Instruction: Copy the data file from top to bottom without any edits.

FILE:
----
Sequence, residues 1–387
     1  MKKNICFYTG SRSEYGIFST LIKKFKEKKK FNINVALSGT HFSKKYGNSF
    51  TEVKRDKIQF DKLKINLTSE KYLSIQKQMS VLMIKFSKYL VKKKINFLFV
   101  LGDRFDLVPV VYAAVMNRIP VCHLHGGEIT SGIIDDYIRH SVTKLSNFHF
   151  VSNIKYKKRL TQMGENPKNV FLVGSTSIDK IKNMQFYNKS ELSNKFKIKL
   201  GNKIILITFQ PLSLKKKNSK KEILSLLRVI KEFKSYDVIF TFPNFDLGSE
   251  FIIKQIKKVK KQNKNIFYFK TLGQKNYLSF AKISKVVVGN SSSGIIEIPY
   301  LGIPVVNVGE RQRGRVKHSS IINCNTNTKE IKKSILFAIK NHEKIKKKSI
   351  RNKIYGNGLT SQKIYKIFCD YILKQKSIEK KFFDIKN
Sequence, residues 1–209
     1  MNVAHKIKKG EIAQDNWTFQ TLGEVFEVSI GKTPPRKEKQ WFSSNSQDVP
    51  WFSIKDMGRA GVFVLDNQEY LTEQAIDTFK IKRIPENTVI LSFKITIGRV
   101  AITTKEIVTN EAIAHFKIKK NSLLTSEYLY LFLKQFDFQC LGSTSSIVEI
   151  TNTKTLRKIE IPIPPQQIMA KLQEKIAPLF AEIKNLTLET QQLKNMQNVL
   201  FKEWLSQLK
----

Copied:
Sequence, residues 1–387
     1  MKKNICFYTG SRSEYGIFST LIKKFKEKKK FNINVALSGT HFSKKYGNSF
    51  TEVKRDKIQF DKLKINLTSE KYLSIQKQMS VLMIKFSKYL VKKKINFLFV
   101  LGDRFDLVPV VYAAVMNRIP VCHLHGGEIT SGIIDDYIRH SVTKLSNFHF
   151  VSNIKYKKRL TQMGENPKNV FLVGSTSIDK IKNMQFYNKS ELSNKFKIKL
   201  GNKIILITFQ PLSLKKKNSK KEILSLLRVI KEFKSYDVIF TFPNFDLGSE
   251  FIIKQIKKVK KQNKNIFYFK TLGQKNYLSF AKISKVVVGN SSSGIIEIPY
   301  LGIPVVNVGE RQRGRVKHSS IINCNTNTKE IKKSILFAIK NHEKIKKKSI
   351  RNKIYGNGLT SQKIYKIFCD YILKQKSIEK KFFDIKN
Sequence, residues 1–209
     1  MNVAHKIKKG EIAQDNWTFQ TLGEVFEVSI GKTPPRKEKQ WFSSNSQDVP
    51  WFSIKDMGRA GVFVLDNQEY LTEQAIDTFK IKRIPENTVI LSFKITIGRV
   101  AITTKEIVTN EAIAHFKIKK NSLLTSEYLY LFLKQFDFQC LGSTSSIVEI
   151  TNTKTLRKIE IPIPPQQIMA KLQEKIAPLF AEIKNLTLET QQLKNMQNVL
   201  FKEWLSQLK